After nearly twenty debates and countless speeches, position papers, and interviews, the foreign policy divide between leading Republican and Democratic presidential contenders is apparent. The obvious starting point is Iraq. Democrats seek to dramatically shrink the U.S. military deployment and Republicans urge a continued robust U.S. presence to stabilize the country.
Site Upgraded to latest version. If any issues please contact us
Once every five years, China's top communist leaders meet to lay down the blueprint for national development for the next half decade, discuss inner party politics, review the work of the last five years and, most significantly, pick their successors. The Seventeenth National Congress of the Communist Party of China finds the country facing complex questions about its future direction, even though its current President Hu Jintao appears to be a shoo-in for another five-year term.
In January, Secretary of Defense Donald Rumsfeld submitted to Congress the Pentagons third Quadrennial Defense Review (QDR).1 Mandated by Congress in 1996, these reviews are supposed to show how the Department of Defense will provision and enact the nations military strategy. The 2006 iteration is the first to fully reflect the departments post-9/11 innovations and the first to encapsulate the putative lessons of the Iraq war. Nonetheless, it came and went with little controversy or even notice.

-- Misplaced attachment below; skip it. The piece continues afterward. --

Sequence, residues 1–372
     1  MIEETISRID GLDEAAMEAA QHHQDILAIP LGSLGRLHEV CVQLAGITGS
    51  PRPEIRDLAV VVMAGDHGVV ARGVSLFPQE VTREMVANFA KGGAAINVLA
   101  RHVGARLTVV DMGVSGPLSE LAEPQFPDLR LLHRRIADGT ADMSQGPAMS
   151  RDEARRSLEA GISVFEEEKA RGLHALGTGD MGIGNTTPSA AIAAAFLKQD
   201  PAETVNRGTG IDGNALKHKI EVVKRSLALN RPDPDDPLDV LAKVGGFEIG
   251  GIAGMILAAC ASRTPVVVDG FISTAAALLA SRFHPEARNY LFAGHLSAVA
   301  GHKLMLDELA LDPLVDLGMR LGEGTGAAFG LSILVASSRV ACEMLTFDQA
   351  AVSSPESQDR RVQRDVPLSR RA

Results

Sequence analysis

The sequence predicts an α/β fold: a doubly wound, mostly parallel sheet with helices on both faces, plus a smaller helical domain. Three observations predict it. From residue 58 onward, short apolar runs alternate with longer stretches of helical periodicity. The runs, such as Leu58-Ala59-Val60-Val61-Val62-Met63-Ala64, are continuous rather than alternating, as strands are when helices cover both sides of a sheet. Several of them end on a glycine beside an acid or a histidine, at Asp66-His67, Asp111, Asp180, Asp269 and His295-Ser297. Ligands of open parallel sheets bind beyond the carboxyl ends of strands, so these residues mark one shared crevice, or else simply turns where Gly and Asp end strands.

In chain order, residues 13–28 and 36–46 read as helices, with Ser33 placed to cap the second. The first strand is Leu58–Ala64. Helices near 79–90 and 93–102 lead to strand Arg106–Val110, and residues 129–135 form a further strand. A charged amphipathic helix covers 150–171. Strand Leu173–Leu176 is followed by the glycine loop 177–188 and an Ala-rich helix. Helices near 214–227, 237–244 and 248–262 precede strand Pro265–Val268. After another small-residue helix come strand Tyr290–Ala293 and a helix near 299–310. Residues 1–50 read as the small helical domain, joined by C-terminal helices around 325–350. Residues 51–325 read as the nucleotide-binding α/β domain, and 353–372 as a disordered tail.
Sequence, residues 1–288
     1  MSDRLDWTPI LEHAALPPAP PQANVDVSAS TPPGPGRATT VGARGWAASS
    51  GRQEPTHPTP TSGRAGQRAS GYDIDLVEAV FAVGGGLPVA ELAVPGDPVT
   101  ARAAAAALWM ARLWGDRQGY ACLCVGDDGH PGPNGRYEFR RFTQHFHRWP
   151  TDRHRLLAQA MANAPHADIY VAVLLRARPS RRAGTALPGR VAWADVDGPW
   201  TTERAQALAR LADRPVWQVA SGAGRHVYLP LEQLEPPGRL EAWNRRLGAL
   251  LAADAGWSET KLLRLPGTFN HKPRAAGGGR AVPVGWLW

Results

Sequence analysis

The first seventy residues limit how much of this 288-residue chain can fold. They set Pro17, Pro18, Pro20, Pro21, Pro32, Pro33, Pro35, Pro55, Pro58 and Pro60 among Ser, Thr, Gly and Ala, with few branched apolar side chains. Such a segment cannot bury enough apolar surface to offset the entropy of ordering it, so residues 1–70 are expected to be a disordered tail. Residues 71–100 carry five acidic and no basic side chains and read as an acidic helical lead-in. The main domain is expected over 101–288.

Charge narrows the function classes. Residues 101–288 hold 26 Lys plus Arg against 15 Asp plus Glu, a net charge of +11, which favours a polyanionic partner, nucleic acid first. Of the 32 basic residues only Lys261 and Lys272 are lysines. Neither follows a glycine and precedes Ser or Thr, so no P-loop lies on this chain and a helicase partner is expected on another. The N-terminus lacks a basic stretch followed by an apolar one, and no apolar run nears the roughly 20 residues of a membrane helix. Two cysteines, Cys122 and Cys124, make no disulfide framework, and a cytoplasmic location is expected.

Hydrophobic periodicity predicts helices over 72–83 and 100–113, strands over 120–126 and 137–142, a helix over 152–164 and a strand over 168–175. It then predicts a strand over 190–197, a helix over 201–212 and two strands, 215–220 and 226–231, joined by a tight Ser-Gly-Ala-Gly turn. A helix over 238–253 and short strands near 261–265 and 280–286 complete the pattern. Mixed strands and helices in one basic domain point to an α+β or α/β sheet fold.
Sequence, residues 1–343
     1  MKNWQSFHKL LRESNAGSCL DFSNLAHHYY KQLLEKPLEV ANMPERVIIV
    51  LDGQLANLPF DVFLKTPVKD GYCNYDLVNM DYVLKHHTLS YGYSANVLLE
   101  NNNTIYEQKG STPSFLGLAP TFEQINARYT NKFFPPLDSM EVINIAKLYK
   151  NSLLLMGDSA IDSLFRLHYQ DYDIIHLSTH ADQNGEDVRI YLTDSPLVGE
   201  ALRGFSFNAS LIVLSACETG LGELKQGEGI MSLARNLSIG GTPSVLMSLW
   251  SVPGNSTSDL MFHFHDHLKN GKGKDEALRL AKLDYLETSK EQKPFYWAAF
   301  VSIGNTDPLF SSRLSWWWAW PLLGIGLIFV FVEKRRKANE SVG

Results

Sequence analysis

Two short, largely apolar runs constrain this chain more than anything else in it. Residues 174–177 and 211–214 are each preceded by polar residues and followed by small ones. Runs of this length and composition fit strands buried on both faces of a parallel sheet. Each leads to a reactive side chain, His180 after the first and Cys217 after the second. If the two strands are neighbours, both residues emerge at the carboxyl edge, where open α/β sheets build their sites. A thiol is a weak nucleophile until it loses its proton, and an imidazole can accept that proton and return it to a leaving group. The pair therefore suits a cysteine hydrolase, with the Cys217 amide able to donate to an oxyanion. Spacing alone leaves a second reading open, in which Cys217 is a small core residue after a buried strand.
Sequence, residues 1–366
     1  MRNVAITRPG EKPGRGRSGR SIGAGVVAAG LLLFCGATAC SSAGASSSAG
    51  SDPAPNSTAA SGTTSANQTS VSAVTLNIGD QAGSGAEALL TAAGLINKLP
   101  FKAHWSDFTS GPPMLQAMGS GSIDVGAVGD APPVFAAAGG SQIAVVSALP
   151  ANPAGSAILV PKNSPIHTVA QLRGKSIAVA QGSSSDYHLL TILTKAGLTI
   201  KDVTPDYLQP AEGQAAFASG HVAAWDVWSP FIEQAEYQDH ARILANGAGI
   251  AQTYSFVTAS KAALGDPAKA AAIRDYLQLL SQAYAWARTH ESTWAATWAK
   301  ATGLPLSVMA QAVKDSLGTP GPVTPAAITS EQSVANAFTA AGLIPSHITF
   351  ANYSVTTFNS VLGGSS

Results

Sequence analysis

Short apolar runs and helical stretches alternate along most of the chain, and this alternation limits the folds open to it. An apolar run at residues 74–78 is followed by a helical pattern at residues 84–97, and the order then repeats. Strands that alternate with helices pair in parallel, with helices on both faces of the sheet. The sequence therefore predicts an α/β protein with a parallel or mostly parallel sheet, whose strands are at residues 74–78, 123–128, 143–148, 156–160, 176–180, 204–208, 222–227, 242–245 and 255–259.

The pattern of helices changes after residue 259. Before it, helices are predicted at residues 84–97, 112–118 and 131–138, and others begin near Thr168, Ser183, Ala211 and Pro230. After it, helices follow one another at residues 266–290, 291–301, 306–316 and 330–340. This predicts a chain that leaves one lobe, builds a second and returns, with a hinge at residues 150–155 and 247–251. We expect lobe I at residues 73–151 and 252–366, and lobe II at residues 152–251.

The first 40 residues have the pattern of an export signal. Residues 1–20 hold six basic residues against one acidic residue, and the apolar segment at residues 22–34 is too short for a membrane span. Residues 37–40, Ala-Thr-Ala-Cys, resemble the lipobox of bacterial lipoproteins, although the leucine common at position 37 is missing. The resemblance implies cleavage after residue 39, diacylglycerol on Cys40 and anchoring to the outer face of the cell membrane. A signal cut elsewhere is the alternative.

This paper assesses the policy-making process behind the Canadian Parliaments mandated review of the Anti-terrorism Act (ATA) and the expiry of preventive arrests and investigative hearings in the ATA. As such, it provides a preliminary glimpse into the complexities of national security policy-making. Policy-makers in this area must grapple with difficult issues that involve liberty, security, equality, privacy and Canadas international relationships.